“The best day of your life is the one on which you decide your life is your own. No apologies or excuses. No one to lean on, rely on, or blame. The gift is yours – it is an amazing journey – and you alone are responsible for the quality of it. This is the day your life really begins.” -Bob Moawad
So, I have decided to move to Paris.
Last week marked my three year anniversary with New York City. It has been a tumultuous love affair…potentially more dramatic than any human relationship I have ever had. Well, maybe – I suppose that one’s debatable. When I give my heart and soul to someone or something it does tend to consume me, to an extent. For this I am not sorry, nor do I have regrets.
That said, I realized that it is time for me to do something big on my own, based solely on my personal needs and desires.
I am grateful beyond words for the time I spent here in New York, the incredible people I’ve met, and even all of the challenges that were thrown in my face along the way. I am proud of the person I have become, and excited for the person I see myself one day becoming as a result of the lessons I’ve learned here and the many ways in which this city has transformed me.
I used to be a creature of routine. A girl who would wake up on a Monday and know what the entire week would entail. My life was comfortable. Until it wasn’t…
When I moved here in February of 2012, I came with a boyfriend I had devoted six years of my life to, and a little puppy dog who was basically my everything. I lost them both. I worked full-time in the fashion industry and got battered, broken and bruised. I was thrown into a world of solitude that I was completely unequipped for. A weak little girl, across the country from friends and family, trying to navigate my way through what then seemed like the scariest place on earth. I was alone for the first time in my life…ever. I cried and felt sorry for myself for months.
And then, one day, I opened my eyes to the fact that I am so fucking lucky. I finally saw things for what they actually were, and made a choice to wake up from my self-induced nightmare. I wasn’t alone, I was free. Work was intimidating and strenuous, but I had a job. Sure the city was scary, but I was living in New York — something I had always wanted! What I was experiencing at the time is just a part of growing up and, compared to many, I actually had very little to complain about.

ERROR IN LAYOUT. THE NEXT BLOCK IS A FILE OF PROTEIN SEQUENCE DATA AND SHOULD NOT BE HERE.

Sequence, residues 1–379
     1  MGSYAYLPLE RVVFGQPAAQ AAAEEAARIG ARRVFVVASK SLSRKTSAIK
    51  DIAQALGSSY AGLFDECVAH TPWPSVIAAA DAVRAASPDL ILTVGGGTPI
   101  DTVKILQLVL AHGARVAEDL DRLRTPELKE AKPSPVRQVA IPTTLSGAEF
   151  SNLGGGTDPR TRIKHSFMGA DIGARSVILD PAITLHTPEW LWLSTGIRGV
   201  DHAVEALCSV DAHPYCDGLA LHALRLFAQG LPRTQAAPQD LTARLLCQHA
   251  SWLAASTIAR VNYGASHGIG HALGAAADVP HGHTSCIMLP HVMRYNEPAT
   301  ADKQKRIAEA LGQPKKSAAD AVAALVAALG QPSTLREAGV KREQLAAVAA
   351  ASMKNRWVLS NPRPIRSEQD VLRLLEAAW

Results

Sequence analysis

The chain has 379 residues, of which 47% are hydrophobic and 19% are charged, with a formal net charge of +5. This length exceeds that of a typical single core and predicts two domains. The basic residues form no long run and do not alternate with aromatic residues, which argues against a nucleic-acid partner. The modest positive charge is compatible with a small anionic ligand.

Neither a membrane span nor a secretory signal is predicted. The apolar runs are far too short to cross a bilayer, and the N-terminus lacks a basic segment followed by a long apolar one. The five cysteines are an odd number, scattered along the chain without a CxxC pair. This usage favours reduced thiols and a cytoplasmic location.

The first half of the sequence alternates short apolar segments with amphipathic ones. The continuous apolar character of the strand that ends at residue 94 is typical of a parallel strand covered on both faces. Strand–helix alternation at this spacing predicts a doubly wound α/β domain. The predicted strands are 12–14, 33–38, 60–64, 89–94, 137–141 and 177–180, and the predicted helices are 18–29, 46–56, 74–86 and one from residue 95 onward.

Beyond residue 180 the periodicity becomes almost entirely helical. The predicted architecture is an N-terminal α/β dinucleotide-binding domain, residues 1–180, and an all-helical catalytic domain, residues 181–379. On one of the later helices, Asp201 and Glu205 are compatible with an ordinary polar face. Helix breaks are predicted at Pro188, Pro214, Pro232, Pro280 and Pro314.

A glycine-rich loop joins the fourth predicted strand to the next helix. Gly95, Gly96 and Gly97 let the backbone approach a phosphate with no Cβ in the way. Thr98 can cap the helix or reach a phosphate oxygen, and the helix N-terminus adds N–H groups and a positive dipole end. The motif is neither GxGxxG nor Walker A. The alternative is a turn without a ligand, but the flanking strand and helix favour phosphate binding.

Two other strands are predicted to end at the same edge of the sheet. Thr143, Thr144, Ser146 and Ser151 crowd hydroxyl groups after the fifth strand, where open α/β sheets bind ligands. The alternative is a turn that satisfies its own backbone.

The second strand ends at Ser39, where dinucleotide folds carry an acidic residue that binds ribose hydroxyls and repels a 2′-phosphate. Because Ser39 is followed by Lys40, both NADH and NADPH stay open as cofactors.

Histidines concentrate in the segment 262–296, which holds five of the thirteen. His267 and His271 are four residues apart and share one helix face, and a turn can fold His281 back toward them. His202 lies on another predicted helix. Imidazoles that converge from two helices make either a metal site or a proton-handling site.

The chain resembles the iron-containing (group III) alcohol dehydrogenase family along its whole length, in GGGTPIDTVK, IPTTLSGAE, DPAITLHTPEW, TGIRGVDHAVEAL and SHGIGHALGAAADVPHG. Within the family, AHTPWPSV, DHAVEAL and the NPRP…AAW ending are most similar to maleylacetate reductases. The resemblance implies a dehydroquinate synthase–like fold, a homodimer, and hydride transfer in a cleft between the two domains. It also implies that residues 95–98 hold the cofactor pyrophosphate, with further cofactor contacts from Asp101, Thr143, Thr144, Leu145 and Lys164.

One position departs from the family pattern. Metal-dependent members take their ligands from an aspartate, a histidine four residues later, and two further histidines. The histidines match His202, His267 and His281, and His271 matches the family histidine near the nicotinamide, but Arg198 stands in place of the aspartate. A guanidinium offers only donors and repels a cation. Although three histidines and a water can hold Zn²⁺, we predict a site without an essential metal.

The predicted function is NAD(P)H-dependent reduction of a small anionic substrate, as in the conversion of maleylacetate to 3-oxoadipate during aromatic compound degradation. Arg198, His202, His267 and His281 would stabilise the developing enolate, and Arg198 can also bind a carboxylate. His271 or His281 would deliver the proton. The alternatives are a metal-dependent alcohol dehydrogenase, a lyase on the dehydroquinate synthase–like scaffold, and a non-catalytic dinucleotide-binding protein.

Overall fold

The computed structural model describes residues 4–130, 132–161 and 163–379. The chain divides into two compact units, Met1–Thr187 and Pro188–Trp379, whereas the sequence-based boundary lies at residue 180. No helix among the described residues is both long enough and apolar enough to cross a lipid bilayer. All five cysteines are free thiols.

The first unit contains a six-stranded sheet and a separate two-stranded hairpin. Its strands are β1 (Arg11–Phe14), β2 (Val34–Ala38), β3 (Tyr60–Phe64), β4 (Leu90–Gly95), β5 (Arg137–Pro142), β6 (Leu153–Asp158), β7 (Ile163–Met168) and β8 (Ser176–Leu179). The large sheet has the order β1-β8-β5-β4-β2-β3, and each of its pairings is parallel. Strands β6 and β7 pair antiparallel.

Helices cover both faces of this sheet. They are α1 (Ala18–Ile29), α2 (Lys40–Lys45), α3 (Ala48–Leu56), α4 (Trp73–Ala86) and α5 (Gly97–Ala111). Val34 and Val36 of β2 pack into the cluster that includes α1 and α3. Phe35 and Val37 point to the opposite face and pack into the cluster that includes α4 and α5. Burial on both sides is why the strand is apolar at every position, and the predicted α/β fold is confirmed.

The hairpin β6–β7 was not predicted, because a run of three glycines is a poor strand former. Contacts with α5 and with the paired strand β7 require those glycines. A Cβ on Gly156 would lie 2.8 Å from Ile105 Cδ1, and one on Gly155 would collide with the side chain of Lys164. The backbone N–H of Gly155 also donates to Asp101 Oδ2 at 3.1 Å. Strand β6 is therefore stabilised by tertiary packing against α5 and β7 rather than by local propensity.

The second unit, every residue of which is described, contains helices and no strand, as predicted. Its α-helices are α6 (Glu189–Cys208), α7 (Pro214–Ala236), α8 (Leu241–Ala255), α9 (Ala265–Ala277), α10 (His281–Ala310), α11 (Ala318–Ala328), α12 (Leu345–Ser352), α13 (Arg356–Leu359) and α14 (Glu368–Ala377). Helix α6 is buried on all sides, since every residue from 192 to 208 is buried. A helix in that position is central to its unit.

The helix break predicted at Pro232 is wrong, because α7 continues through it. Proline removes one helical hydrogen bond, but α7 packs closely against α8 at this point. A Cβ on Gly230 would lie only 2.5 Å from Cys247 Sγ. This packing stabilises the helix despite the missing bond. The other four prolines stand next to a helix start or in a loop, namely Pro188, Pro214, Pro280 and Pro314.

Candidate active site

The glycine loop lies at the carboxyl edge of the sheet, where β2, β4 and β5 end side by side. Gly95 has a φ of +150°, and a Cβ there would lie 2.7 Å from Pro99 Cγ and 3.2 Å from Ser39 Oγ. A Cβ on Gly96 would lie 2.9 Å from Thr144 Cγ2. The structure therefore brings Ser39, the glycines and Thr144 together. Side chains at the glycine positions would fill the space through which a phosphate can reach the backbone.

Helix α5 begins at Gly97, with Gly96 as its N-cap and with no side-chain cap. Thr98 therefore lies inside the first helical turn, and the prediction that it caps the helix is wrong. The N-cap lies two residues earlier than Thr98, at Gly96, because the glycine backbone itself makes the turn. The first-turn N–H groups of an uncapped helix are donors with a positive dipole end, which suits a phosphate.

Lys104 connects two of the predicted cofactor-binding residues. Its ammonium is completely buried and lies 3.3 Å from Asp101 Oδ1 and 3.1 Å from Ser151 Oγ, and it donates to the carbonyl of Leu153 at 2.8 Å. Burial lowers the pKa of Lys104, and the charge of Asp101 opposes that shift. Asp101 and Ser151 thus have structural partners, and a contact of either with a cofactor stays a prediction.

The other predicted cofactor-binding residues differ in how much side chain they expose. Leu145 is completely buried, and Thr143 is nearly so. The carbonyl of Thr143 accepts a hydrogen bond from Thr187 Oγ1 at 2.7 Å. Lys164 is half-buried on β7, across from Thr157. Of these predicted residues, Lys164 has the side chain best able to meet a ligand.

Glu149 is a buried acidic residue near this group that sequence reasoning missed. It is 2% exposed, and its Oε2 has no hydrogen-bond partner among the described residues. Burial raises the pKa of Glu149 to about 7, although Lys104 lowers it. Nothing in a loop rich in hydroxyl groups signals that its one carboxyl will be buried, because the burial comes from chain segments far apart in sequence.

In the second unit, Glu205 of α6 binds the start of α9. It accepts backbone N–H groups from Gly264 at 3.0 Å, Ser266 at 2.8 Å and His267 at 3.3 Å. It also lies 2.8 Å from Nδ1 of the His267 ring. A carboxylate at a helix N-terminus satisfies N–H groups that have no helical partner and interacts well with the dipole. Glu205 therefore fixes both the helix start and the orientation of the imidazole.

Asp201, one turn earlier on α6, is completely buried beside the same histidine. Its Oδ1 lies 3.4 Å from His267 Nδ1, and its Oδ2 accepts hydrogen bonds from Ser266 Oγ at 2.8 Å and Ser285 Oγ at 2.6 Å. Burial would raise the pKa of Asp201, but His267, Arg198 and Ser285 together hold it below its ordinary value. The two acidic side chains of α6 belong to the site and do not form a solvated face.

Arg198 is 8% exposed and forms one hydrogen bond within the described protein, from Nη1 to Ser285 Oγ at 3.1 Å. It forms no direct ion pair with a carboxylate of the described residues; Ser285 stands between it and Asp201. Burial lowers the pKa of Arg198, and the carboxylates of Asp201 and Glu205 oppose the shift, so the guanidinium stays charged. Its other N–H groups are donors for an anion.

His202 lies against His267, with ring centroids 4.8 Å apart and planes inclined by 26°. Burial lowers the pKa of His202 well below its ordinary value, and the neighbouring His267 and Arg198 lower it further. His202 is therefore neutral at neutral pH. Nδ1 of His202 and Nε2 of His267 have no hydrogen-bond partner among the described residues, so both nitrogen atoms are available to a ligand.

Sure, it took time, tears, breakdowns, self-medication through alcohol, meaningless flings aplenty and coming pretty close to hitting rock bottom before I was able to see things differently. But I didn’t hit rock bottom. I dug my nails into the wall and started to climb my way back up. I do remain a big fan of crying (I find it to be a lovely release), but feeling sorry for myself was no longer an option.
I learned that I am not, at my core, a creature of routine. I need to be light and free. I need excitement and adventure, and I had every tool necessary to make a change right there at my fingertips.
I learned to embrace the unexpected, and roll with the punches. I learned to stand back up after being beat the fuck down. These are qualities I only could have acquired through living in this harsh, beautiful city. A city that many of my loved ones begged me to give up on. But I am not a quitter. Thank you for that too, New York.
But, so it goes…an irresistible opportunity came knocking and, well, why not try out Paris for a while? I have no full-time job that I’m obsessed with, no husband, no children. I am finally light and free.
In two months I will be saying “goodbye, for now” to this special place, and embarking on another adventure. And I can finally do so knowing just how much I have actually grown and accomplished in the past three years, with too many great memories to count and an extraordinary “friend family” that I am beyond grateful to have found.
So here’s to taking risks, and living life on your own terms! Here’s to new beginnings…or, as the French would say, a mon nouveau départ.
*wearing the Balsa Caped Gown by Atelier Gabriella Daher
Photographed by Lance Skundrich at the Clift Hotel